Expert’s Corner: Managing the Female Athlete Triad

Female Athlete Triad

The Female Athlete Triad is comprised of three, interrelated components — low energy availability with or without disordered eating, menstrual dysfunction and low bone mineral density.

According to Kathryn Ackerman, MD, MPH, medical director of Boston Children’s Female Athlete Program, patients may present with one or more of these components. However, the challenge is that sports medicine physicians and other clinicians have varied approaches to management.

In February 2014, the Female Athlete Triad Coalition published a consensus statement detailing a 12-point scale that takes into account different aspects of the triad — low energy availability, low body mass index, delayed menarche, menstrual irregularities, low bone density and history of fractures — to help physicians make more systematic decisions.

“It was important to create standardized criteria to help physicians determine which patients need a more in-depth workup and who needs to be restricted from activities,” Ackerman says.

Signs of Female Athlete TriadAccording to the consensus statement, patients scoring zero or one point can be fully cleared for sports participation, and those with six or more points should be restricted from training. However, provisional or limited clearance is recommended for patients scoring between two and five points.

“Patients scoring from two to five points represent a bit of a gray area,” says Ackerman. “The approach to sports participation and training is going to vary. Depending on individual needs, the sports medicine physician might recommend limited sports participation and follow-up with a nutritionist, physician, sport psychologist or other health professional.”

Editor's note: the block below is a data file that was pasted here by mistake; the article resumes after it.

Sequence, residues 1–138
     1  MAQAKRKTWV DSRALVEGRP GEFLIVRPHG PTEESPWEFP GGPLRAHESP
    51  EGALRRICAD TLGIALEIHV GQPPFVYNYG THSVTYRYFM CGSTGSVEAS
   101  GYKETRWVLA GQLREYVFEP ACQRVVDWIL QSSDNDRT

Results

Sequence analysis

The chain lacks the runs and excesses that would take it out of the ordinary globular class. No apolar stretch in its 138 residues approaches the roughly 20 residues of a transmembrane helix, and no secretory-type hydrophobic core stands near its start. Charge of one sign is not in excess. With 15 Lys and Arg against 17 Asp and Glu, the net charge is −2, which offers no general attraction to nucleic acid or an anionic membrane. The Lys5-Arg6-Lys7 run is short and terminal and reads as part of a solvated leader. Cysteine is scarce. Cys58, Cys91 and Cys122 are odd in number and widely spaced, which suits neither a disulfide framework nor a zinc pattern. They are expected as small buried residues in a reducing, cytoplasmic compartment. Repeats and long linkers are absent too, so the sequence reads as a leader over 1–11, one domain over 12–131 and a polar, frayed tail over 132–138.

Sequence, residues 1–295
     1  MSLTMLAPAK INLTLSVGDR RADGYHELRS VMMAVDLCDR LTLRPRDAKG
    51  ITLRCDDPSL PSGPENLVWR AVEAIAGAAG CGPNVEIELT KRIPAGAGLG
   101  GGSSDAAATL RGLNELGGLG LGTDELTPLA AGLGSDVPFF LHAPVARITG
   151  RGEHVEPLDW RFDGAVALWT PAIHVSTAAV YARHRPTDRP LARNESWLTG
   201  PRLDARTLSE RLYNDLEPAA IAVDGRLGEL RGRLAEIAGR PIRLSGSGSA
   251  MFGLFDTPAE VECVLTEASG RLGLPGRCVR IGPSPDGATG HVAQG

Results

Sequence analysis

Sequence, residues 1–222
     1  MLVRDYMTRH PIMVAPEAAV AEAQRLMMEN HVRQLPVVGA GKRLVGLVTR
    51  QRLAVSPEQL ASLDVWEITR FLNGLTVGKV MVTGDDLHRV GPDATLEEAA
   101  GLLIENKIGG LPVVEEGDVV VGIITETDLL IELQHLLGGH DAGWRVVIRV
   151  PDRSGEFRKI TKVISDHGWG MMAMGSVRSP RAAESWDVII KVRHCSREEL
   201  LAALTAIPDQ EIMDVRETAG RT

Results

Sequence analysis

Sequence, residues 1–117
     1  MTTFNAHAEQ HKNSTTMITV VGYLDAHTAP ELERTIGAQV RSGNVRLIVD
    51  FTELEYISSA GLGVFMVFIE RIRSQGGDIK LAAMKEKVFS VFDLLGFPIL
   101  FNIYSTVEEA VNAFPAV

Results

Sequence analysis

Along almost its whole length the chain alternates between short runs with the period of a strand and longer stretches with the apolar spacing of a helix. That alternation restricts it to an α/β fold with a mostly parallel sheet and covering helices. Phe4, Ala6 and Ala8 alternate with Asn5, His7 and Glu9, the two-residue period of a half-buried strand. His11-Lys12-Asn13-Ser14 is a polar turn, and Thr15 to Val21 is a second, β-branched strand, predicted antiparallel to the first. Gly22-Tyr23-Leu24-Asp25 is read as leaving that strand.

Moderate- and high-risk athletes should be referred to a sports medicine physician who can provide the expertise and multidisciplinary resources to manage more complex cases. After initial evaluation and risk assessment, primary-care providers can manage low-risk patients. However, moderate- and high-risk athletes should be referred to a sports-medicine physician who can provide the expertise and multidisciplinary resources to manage more complex cases.

Meanwhile, some colleges and universities have started to implement a related model. The International Olympic Committee (IOC) has suggested replacing the term Female Athlete Triad with Relative Energy Deficiency in Sport (RED-S). RED-S is a more inclusive term that recognizes that men and Paralympic athletes can have similar health sequalae stemming from low energy intake.

While the IOC and Female Athlete Triad Coalition refine terms and patient populations, Ackerman and colleagues at Boston Children’s and elsewhere are studying the impact of the triad guidelines. Their primary objective is to define ways to make them more user-friendly and applicable in clinical practice, particularly for moderate-risk patients.

Learn more about the Female Athlete Triad and Boston Children’s Female Athlete Program.